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No-Go Organisations?

It is true that NGOs have influenced govt policy

Business Standard  |  New Delhi 

Prime Minister Manmohan Singh is among the most discreet of politicians. So, when he makes a controversial remark, it can be assumed that it is the product of measured judgement rather than hot-headed indiscretion. His comments last week on non-governmental organisations (NGOs) in an interview to Science magazine, therefore, need to be taken seriously by a government that appears to have become hostage to civil society via expensive employment guarantee and food distribution schemes as well as stalled industrial projects. Dr Singh’s criticism of NGO opposition was targeted rather than scattershot. Asked why his government had put a moratorium on the release of Bt brinjal, he first asserted the importance of biotechnology in increasing agricultural productivity and then blamed the suspension on opposition from NGOs, “often funded from the United States and the Scandinavian countries, which are not fully appreciative of the development challenges that our country faces”. Being a democracy – “we are not China,” he added significantly – it is not possible to ignore their protests. He extended the argument to the Kudankulam nuclear power plant in Tamil Nadu where opposition from NGOs that are also, Dr Singh alleged, based in the US has held up the development of two 1,000-Mw reactors.

Dr Singh is a sitting prime minister. He should be more careful, perhaps, to avoid statements that could have the effect of hardening positions on either side of a complex dispute, or empowering the harassment some NGOs are already subject to. After all, given the often opaque nature of NGO funding, it is difficult to confirm the veracity of Dr Singh’s remarks. But he may not be too far off the mark — the US alone accounts for almost a third of the considerable foreign funds that NGOs received in the last few years. Rather than blame a destabilising “foreign hand”, as some interpretations had it, Dr Singh was making a more nuanced point about the interests and desires of offshore donors not meshing with facts on the ground. Read that way, there is enough truth to Dr Singh’s statement, as many in the NGO sector would agree; and so current Rural Development Minister Jairam Ramesh’s reaction is intriguing. Mr Ramesh, who put a moratorium on the release of Bt brinjal as environment minister in 2009, stoutly denied that any NGO played a role in his decision. He attributed it to the of the states, “the community” and science. Given that Bt brinjal had gone through nine years of testing under the aegis of India’s most respected agricultural scientists, it is difficult to understand what science Mr Ramesh was referring to. In truth, anyone who attended the public consultations that Mr Ramesh organised to discuss Bt brinjal will attest to shrill NGO protest drowning out the explanations from members of the Genetic Engineering Approval Committee. Mr Ramesh’s decision to declare as “no-go” 602 coal blocks with potential reserves of 660 million tonnes with a power generation capacity of 130,000 Mw is also subject to similar criticism. Given the current crisis in coal availability that is causing severe disruptions in power supply everywhere, it is worth wondering just how much India has squandered in terms of growth and poverty-reduction in the interests of placating the noisiest of NGOs.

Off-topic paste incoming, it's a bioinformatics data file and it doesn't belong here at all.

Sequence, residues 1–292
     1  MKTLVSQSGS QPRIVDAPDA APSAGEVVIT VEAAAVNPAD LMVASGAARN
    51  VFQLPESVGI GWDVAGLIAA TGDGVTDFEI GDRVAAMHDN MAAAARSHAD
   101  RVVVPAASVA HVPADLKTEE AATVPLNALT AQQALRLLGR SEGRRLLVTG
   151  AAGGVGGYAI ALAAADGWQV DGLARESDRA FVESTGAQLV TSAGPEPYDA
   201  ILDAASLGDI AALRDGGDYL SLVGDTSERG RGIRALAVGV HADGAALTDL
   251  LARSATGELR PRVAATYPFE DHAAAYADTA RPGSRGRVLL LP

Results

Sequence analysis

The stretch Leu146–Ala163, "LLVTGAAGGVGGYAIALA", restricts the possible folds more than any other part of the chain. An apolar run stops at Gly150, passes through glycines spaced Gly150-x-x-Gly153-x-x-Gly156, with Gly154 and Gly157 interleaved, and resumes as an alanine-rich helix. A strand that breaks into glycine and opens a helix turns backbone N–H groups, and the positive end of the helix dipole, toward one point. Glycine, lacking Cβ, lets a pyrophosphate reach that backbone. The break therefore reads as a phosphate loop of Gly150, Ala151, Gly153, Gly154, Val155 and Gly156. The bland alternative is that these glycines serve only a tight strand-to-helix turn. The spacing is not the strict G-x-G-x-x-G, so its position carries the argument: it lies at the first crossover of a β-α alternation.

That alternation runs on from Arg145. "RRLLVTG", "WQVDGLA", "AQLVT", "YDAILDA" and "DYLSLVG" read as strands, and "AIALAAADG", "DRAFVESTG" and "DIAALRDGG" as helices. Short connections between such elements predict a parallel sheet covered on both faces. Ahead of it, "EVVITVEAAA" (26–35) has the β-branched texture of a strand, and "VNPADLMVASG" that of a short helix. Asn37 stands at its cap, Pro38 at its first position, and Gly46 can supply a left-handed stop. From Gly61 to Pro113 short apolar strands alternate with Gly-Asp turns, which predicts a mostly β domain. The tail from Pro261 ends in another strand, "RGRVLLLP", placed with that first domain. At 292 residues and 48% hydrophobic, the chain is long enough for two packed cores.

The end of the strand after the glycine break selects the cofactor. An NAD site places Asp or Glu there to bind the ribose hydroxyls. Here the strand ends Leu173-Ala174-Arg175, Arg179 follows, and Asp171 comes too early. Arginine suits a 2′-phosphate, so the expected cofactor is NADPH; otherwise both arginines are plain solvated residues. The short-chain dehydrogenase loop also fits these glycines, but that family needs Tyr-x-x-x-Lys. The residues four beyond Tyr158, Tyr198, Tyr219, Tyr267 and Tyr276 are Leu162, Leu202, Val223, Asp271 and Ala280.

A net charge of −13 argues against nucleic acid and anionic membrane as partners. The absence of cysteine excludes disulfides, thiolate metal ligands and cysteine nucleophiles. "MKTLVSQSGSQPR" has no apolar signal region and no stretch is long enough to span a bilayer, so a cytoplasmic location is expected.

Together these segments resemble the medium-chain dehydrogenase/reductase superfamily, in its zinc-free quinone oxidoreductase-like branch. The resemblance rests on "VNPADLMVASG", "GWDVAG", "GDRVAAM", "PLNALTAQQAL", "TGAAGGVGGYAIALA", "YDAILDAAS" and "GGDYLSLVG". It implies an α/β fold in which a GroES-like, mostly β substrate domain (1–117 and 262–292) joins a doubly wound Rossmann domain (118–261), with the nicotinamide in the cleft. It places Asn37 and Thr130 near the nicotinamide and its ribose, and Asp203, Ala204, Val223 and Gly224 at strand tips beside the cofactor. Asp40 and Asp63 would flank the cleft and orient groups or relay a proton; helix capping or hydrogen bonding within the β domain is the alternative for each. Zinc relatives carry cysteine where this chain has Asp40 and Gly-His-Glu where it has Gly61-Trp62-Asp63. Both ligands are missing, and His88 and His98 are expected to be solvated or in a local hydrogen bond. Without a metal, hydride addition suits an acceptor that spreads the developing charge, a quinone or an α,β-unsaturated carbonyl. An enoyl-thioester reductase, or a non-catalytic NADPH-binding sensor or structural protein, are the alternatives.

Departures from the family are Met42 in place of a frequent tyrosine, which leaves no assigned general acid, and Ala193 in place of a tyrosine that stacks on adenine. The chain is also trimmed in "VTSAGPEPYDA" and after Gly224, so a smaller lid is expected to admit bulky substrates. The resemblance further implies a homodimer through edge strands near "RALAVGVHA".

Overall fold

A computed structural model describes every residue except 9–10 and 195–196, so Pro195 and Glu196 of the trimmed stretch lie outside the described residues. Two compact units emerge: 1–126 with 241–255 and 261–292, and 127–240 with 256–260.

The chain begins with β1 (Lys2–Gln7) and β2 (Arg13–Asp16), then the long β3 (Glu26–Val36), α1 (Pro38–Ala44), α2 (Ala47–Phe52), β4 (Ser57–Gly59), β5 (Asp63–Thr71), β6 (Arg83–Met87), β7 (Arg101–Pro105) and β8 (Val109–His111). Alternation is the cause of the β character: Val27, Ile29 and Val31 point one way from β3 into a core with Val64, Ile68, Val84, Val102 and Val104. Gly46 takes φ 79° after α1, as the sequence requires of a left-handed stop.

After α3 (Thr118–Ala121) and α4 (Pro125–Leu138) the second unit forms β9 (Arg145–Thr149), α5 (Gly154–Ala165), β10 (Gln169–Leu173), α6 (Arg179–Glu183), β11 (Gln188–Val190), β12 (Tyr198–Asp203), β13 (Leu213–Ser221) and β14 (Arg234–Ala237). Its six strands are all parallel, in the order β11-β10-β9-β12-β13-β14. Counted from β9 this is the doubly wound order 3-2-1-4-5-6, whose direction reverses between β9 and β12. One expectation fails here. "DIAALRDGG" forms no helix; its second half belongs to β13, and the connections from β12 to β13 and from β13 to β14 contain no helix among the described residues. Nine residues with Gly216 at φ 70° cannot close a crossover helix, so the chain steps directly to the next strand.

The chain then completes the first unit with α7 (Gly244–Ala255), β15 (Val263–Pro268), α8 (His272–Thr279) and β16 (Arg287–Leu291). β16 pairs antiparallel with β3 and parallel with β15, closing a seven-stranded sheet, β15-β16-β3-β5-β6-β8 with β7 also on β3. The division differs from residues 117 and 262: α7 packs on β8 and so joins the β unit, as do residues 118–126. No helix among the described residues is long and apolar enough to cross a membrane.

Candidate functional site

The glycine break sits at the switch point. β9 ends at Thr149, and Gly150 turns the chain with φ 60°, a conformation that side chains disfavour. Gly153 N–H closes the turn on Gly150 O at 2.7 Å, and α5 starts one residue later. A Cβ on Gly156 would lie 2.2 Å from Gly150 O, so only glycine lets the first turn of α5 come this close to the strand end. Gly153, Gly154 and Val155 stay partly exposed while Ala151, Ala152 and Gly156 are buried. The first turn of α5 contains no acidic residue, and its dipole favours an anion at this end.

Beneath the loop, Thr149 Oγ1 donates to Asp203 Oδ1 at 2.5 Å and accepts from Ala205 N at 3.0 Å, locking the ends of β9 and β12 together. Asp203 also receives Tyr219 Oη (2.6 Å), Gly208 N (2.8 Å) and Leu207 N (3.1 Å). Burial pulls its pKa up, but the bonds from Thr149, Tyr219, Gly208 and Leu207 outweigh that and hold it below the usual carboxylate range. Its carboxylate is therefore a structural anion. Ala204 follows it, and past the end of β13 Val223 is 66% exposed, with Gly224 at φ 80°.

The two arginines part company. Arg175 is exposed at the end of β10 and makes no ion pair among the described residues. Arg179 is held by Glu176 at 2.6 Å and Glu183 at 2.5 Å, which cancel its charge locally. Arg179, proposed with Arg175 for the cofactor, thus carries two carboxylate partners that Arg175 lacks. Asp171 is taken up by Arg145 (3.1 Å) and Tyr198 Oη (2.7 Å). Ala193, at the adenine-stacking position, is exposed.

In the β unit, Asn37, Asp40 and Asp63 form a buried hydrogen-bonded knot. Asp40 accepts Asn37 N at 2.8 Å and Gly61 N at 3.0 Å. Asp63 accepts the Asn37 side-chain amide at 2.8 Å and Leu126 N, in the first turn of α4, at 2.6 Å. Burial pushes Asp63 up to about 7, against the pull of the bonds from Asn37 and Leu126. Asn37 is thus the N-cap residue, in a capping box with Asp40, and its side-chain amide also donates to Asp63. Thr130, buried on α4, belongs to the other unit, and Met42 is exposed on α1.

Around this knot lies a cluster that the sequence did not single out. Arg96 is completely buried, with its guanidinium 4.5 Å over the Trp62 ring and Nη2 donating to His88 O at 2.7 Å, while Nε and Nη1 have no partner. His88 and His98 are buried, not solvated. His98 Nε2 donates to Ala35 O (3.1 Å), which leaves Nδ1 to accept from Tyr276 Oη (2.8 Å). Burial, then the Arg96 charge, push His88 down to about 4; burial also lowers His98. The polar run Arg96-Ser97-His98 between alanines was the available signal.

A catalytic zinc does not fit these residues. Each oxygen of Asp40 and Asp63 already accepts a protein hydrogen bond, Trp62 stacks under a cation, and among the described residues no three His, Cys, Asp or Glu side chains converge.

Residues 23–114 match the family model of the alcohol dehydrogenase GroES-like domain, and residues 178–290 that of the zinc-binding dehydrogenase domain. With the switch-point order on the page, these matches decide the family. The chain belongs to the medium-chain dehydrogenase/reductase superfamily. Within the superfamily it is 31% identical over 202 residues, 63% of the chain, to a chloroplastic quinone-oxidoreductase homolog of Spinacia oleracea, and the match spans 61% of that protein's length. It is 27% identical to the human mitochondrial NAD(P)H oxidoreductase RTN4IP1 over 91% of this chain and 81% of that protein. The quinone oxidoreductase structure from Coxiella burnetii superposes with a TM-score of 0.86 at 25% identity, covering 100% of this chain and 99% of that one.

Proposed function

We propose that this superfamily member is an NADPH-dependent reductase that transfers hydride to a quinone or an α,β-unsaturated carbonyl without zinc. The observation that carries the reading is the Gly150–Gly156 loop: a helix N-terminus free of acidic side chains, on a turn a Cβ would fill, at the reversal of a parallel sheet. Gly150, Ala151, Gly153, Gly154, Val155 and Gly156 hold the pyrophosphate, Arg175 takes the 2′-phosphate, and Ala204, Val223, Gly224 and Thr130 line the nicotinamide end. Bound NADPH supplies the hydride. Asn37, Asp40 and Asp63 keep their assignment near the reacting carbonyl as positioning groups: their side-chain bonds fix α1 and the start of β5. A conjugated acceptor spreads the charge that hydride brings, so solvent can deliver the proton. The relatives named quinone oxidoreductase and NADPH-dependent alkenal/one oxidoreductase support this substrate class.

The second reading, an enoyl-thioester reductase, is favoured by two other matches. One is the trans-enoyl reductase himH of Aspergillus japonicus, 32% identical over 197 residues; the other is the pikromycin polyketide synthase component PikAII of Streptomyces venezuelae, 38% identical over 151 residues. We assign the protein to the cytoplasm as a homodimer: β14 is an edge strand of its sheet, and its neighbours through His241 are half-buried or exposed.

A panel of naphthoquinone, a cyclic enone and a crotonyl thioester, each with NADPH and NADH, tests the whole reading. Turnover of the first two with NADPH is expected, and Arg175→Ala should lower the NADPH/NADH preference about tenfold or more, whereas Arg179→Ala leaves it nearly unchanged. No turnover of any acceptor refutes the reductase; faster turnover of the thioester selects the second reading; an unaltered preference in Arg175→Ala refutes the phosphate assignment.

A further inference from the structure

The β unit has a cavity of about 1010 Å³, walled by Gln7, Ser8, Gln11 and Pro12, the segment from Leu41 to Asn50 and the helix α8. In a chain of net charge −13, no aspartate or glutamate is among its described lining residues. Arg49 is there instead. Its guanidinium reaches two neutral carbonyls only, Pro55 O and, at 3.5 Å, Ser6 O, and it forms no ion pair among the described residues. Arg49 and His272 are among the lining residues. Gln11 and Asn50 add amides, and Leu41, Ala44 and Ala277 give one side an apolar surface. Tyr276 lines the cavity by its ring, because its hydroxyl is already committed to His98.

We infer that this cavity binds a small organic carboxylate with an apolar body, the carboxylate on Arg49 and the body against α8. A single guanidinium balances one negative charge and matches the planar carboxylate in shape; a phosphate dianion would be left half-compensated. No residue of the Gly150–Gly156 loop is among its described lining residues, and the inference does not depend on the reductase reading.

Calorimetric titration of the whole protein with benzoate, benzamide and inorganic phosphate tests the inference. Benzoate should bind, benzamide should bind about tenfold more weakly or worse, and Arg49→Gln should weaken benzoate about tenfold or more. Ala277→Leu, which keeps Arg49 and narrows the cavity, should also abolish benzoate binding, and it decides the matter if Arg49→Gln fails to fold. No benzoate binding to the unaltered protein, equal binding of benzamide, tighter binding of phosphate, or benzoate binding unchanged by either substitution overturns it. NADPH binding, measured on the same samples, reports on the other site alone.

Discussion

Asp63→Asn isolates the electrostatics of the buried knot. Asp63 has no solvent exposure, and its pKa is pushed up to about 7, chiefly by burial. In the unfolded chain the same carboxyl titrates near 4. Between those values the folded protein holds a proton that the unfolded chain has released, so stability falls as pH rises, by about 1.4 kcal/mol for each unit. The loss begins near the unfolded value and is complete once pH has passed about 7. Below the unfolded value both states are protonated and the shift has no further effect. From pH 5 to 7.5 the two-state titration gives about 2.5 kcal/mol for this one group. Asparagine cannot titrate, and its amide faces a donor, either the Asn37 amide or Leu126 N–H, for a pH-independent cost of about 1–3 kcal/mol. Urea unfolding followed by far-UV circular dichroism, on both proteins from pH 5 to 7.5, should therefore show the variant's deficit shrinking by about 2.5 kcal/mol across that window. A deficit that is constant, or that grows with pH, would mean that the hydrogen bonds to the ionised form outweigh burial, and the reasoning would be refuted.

There is no doubt that civil society plays a critical role in India’s diverse democracy, and its voice deserves to be heard. The message the soft-spoken Dr Singh has sent out about the undemocratic, unrealistic and sometimes elitist nature of its protest, though, is loud and clear — and it, too, deserves to be heard. And before more damage is done, the government should step in to prevent major infrastructure projects, including nuclear power reactors, from becoming a casualty of NGO protests.

First Published: Wed, February 29 2012. 00:08 IST